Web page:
Vedavati said: i cannot help but adore these flowers. L.O.V.E that they pop open white and shrivel up “maroon”. Mother Nature is such a marvel.
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On January 22, 2019, I found a shovel on our Greenbelt restoration site. It was standing up against the remnants of a house foundation that is on the site. I was very surprised because I had been standing in that spot the day before, and it wasn’t there then. I put it away. The following day, I found a shrub sitting on the ledge next to the place where I had found the shovel.
There was blue and white checkered flagging tape on the plant, which indicated that it had been planted somewhere in Autumn of 2018. I couldn’t find any hole on the site so I had no idea where the shrub had come from.
Since I couldn’t think of any reasonable explanation for these events, I concluded, tentatively, that I was “supposed” to plant the shrub in the foundation. In January 2019, I wrote about that mystery- A Mystery in the Greenbelt. Towards the end of March, I wrote a followup article- Mystery Followup. Both articles contain numerous photos.
Before I go on, let me give some more backstory. The house foundation was discovered in April 2017 when Seattle Parks Department staff cut down the blackberry vines on the site. Because of items we found within the foundation and the presence of charred material in the area, we believed the house had burned down in the 1950’s.
We decided to use the foundation to store the racks we build to facilitate drying out blackberry, ivy and bindweed vines and other invasive weeds we dig out on the site. Putting these invasive plants on racks prevents them from re-rooting.
Early in January, 2019, we started disassembling the racks and spread the dried debris throughout the foundation. We also spread the dried debris from other racks on the site in the foundation. We planned, in time, to use that space as another planting area.
At that time, I had planned to plant in the foundation after the dried debris had composted and turned into dirt. When the mystery plant showed up, however, I let go of that plan; I would plant the shrub in the foundation.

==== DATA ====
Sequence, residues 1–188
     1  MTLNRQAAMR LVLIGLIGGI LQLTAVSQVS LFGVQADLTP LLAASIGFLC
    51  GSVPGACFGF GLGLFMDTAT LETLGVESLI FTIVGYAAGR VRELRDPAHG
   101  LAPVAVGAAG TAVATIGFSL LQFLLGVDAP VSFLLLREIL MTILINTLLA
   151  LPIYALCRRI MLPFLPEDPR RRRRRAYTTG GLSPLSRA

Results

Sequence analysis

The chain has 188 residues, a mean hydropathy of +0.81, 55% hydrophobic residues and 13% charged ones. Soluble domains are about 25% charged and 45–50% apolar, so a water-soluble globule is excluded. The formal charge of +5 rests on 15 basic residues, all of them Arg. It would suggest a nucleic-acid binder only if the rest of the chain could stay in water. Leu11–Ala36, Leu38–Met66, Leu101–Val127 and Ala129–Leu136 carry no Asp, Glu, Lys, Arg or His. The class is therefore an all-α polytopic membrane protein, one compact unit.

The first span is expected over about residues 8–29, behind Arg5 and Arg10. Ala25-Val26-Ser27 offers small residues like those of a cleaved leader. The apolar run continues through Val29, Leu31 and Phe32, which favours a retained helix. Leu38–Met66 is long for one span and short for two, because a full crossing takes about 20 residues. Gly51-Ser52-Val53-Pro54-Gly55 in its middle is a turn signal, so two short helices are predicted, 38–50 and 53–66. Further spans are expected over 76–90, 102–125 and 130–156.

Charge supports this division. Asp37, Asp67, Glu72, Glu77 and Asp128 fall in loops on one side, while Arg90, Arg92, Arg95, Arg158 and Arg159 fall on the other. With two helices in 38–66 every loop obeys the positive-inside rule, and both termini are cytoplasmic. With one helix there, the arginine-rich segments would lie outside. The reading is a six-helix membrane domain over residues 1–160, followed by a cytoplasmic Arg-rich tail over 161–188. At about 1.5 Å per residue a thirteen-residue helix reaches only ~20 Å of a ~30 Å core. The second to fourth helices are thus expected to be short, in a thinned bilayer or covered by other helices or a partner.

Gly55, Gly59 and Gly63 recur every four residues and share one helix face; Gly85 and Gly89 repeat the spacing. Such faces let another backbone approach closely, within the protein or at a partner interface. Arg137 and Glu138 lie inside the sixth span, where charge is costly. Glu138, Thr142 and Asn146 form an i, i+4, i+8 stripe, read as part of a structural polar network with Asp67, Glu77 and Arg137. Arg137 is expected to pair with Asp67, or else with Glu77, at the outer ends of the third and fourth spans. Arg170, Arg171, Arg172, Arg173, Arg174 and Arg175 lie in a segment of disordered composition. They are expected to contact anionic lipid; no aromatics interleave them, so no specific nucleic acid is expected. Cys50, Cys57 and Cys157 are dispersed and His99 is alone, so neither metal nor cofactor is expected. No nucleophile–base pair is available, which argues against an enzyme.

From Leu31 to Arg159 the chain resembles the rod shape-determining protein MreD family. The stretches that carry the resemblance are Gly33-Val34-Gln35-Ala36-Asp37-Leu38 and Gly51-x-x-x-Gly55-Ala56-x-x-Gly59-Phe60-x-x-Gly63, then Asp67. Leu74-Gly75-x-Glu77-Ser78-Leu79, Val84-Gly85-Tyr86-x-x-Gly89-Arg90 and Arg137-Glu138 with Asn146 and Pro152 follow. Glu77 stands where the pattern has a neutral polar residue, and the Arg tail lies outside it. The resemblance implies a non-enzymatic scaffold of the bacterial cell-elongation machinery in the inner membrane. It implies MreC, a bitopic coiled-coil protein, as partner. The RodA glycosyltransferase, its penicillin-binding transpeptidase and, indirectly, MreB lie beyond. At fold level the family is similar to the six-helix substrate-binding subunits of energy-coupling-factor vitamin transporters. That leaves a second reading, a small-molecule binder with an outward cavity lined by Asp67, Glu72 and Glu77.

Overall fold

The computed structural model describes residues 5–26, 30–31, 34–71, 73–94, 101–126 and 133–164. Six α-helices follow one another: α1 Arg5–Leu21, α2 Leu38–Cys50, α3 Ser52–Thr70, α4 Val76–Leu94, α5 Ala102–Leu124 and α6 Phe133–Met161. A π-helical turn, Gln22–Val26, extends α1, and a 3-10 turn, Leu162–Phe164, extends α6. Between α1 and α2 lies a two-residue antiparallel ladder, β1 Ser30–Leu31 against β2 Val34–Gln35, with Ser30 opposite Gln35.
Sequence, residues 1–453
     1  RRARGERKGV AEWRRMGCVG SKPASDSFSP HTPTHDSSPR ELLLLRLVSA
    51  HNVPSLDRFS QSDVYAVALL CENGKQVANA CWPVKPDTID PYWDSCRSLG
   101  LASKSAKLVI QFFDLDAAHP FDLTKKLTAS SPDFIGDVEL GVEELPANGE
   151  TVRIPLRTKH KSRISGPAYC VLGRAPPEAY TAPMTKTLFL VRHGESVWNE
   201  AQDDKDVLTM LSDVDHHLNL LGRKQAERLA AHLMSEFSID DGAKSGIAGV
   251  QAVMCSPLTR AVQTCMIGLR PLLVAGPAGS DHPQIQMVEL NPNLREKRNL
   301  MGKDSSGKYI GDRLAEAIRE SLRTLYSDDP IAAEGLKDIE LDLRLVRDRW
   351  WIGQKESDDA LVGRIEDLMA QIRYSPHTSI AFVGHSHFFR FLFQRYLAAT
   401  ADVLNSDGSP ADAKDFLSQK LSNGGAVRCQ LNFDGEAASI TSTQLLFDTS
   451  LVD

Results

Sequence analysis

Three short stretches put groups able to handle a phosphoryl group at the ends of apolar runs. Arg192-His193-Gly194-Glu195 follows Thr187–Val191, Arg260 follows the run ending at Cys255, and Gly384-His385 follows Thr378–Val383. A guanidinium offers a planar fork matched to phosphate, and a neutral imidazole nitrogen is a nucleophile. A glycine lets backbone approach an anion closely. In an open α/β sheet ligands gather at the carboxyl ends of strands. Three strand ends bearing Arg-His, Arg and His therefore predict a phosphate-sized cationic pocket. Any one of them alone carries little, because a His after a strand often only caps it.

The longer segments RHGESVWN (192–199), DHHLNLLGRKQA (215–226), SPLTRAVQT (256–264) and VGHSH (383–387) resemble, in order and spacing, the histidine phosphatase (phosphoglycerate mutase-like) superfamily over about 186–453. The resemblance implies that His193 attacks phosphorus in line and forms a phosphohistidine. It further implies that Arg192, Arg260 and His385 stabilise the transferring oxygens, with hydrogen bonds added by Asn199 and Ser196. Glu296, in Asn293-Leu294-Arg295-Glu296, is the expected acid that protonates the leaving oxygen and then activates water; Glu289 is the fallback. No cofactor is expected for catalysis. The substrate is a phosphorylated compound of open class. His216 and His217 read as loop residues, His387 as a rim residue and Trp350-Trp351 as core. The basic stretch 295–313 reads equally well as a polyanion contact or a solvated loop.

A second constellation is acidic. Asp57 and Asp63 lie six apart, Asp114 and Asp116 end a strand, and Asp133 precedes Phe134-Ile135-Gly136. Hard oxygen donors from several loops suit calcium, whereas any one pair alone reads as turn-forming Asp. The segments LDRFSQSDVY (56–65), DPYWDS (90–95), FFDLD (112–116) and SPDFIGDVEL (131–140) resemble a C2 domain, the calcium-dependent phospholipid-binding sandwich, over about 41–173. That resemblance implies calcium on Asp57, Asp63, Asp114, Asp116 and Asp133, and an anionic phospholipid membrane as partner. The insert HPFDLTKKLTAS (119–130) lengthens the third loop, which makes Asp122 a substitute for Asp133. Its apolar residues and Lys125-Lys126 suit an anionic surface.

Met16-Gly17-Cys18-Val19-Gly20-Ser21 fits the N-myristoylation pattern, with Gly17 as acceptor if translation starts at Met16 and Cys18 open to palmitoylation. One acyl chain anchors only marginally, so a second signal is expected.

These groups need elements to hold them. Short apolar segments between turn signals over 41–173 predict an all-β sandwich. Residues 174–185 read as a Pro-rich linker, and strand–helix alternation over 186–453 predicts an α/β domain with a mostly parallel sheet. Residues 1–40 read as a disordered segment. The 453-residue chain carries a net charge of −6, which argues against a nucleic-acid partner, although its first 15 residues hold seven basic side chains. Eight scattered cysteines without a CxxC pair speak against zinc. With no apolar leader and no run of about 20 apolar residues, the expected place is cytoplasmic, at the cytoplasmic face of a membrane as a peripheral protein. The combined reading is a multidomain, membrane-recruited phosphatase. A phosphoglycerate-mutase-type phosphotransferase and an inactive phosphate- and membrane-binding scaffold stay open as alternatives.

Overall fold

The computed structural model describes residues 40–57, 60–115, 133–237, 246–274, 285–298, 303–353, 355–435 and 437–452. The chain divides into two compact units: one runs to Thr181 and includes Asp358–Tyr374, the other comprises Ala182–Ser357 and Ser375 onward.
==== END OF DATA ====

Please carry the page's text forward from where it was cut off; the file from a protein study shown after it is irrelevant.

Planting in dried debris is not the same as planting in dirt. There was some material towards the bottom of the debris that was pretty well composted but almost everything above it consisted of dried canes and branches. I decided to dig a hole in the debris and then place some dirt in the bottom of the hole, put the plant on top of it and then spread as much dirt as I could around it.
As I was deciding what to use for dirt, my eye fell on a single mole hill that was near the foundation. I noticed that dirt was very light and airy. I thought it would be perfect! By the beginning of August, the shrub, which turned out to be oceanspray, had grown significantly. My planting strategy had obviously worked.
Fast forward to mid-November 2019. We had some extra Roemer’s fescue and tall managrass plants after our November 2019 planting day. I thought it would be interesting to use the plants to experiment with planting in the foundation area again. Shirley (Sarva) and I decided we would have the UW service-learning students plant the fescue and managrass along the inner southern and western borders of the foundation.